For example, a few years back the consumer electronics retailer Circuit City wanted to increase productivity. They noticed that labor was one of their largest costs at store level. They also noticed that their most experienced sales people tended to be the most expensive sales people. Therefore, to increase productivity, Circuit City got rid of its most experienced sales people. It wasn’t too long thereafter that Circuit City declared bankruptcy. As it turns out, those experienced sales people were a critical component of the strategic success of Circuit City. Eliminating those people also eliminated the chance of strategic success.
Strategists need to be at the table to point out the strategic implications associated with various cost-cutting options (and perhaps provide cost-cutting options of their own). This isn’t an option. The destiny of the business is at stake.
2. Move the Discussion Away from Merely Cost-Cutting
Some of the best ways to increase productivity have nothing to do with cutting costs. Often the productivity problem is not how much you spend, but rather what you do. It is a more a question of effectiveness of process rather than efficiency of spending.
For example, I could be the most efficient Morse Code operator on the planet. However, that does not make me the most effective communicator on the planet. Almost nobody understands Morse Code anymore, so nobody will hear my Morse Code message, no matter how efficiently I use it. Rather than trying to make my Morse Code process more efficient, I need to switch to a more effective communication process, like Twitter, Facebook or Email.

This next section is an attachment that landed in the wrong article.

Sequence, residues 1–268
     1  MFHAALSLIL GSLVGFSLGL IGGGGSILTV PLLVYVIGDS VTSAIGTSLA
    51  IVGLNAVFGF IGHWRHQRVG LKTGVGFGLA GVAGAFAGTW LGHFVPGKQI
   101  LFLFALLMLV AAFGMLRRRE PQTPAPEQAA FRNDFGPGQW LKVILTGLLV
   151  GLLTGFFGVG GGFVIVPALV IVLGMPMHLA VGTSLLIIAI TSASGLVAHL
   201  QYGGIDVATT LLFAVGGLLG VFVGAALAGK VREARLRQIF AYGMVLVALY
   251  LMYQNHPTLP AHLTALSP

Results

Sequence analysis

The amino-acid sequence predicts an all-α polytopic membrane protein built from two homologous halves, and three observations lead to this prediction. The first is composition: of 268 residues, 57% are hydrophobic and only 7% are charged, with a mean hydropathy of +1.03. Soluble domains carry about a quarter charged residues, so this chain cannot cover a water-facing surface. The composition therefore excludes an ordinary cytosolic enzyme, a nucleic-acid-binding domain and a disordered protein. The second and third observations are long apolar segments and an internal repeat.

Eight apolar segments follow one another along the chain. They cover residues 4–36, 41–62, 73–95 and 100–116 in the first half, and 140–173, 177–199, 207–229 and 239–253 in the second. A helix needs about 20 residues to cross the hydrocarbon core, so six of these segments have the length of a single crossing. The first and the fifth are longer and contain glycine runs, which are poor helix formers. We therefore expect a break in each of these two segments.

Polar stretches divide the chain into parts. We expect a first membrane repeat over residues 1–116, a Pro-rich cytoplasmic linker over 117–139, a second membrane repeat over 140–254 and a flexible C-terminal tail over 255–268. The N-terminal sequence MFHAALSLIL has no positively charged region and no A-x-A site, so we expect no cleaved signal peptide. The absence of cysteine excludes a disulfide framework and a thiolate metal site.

If you only focus on cost-cutting, you may miss far more effective options for improving the bottom line via changes in process. Strategists can be an important source for discovering and championing alternative processes.
Strategists can also play a vital role in helping companies avoid new processes which negatively impact a strategy. Take outsourcing, as an example. It makes a lot more sense to change a process from in-house to outsource when the process is less critical to the overall strategy. By contrast, if you outsource a core competency, you may destroy your ability to control your destiny and destroy your competitive advantage.
3. Help People See Productivity as an Investment Opportunity